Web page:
Planning reforms to encourage more house building

Planning reforms to encourage more house building

Conservative Prime Minister David Cameron has announced new reforms designed to help housebuilders and developers build more properties.

The Government plans to change planning rules to allow developers to build more Starter Homes for sale, rather than for affordable rent. The policy is in line with the ‘Starter Homes Initiative’, designed to help deliver 200,000 starter homes by 2020.

‘Starter Homes’ are designed to be sold at a 20% discount and be built for first time buyers under the age of 40.

Announcing the move at the recent Conservative Party Conference David Cameron called the move “a dramatic shift in housing policy.”


Industry reaction

Stewart Baseley, executive chairman of the Home Builders Federation said: “We welcome the Government’s plans to deliver on its pledge to improve home ownership opportunities for young people. Over the past 25 years, as building new homes has become ever more costly and complex, output has fallen and the housing ladder has slipped further out of reach for many.

“Greater flexibility in the way affordable housing is provided should not only speed up the process of securing an implementable planning permission but also make more sites viable for new housing.”

Brian Berry, Chief Executive of the FMB, said: “To create a ‘Generation Buy’, we need to create a ‘Generation Build’. This means having a more dynamic house building industry in which smaller firms and new entrants can prosper and grow, so that we can deliver small scale housing developments in every village, every town, and every city.”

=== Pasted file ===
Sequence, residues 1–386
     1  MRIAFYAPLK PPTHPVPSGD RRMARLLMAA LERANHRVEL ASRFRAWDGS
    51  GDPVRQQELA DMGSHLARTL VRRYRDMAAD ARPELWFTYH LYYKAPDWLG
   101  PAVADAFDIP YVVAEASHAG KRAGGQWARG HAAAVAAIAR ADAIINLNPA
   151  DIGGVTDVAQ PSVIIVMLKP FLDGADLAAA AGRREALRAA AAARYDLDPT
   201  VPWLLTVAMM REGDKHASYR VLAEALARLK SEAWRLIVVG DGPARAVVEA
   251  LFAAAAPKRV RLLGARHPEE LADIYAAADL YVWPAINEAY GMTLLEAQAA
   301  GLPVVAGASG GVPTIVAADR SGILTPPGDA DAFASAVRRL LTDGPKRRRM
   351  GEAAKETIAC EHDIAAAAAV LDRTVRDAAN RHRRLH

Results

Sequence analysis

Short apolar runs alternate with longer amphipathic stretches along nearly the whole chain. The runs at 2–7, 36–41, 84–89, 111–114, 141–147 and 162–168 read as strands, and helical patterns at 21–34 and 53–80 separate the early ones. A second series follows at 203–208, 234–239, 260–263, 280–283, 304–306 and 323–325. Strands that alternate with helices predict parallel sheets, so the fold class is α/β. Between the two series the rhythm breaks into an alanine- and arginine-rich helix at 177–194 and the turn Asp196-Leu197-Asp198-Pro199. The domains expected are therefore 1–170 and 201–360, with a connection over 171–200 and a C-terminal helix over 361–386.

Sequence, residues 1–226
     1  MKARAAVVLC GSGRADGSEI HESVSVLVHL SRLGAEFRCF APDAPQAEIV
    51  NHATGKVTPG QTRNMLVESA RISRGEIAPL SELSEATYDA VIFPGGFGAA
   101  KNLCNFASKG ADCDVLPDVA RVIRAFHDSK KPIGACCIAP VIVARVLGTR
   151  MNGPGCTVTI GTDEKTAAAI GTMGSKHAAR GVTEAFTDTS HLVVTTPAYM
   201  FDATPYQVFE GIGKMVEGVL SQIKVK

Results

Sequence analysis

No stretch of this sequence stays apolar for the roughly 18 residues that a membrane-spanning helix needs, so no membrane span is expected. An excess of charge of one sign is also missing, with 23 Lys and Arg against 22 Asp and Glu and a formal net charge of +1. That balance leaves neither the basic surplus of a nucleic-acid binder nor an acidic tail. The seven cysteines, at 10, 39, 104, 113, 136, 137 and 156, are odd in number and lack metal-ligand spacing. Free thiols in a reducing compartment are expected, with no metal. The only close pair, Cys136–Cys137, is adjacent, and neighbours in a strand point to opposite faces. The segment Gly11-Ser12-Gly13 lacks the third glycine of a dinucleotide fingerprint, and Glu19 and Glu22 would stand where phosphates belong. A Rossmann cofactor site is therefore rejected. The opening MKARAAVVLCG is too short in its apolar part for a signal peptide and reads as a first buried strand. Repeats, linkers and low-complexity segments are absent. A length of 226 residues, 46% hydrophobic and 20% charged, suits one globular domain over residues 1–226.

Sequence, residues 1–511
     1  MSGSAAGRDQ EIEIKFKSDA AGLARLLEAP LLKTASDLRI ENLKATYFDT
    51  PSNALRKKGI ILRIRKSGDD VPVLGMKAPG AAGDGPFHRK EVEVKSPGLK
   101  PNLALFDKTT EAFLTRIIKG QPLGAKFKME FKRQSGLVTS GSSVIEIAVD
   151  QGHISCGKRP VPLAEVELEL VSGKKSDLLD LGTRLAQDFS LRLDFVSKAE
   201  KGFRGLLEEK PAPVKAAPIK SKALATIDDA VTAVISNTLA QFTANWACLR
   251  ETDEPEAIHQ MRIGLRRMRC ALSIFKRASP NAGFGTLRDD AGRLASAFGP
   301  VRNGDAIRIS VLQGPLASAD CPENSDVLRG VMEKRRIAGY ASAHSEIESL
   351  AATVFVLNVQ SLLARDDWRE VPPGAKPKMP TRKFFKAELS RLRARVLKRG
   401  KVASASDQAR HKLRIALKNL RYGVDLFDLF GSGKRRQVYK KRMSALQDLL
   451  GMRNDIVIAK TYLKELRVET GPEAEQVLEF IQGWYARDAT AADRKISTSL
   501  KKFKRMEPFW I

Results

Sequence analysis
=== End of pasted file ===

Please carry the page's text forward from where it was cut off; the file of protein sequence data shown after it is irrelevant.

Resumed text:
The House Builders Association has welcomed the prime minister’s call for a reform in the planning process. Rico Wojtulewicz, HBA’s policy advisor, said: “We appreciate the emphasis on simplifying planning rules. However, there is much work that still needs to be done to level the playing field between large volume and SME house builders. For instance, restoring small sites exemption from affordable homes contribution will help ensure that SME house builders can operate in a more collaborative system.”

Melanie Leech, chief executive of the British Property Federation, commented: “Politicians talk about Generation Rent as if it is something to be ashamed of, when this should not be the case. While we are not against owner occupation, and see Starter Homes as a welcome initiative, we are aware that such a policy is stoking demand for home ownership, rather than focusing on meeting supply. Build to rent has enormous potential to deliver additional homes to the UK, and government must not overlook this in blind pursuit of making us a nation of homeowners.”

Spencer McCarthy, Chairman of retirement housebuilder, Churchill Retirement Living said: “Measures to help young people get on the ladder and build more homes for them are vitally important. However, with so much focus on those at the start of the housing ladder, government must ensure an appropriate range of housing is also available to older people, and they are not left out of the housing mix.

“We look forward to seeing further detail – but hope common sense prevails when local authorities are making planning decisions, and they consider the needs of people of all ages, not just those at the start of the housing ladder. The PM’s national crusade to get homes built must not exclude the elderly.”

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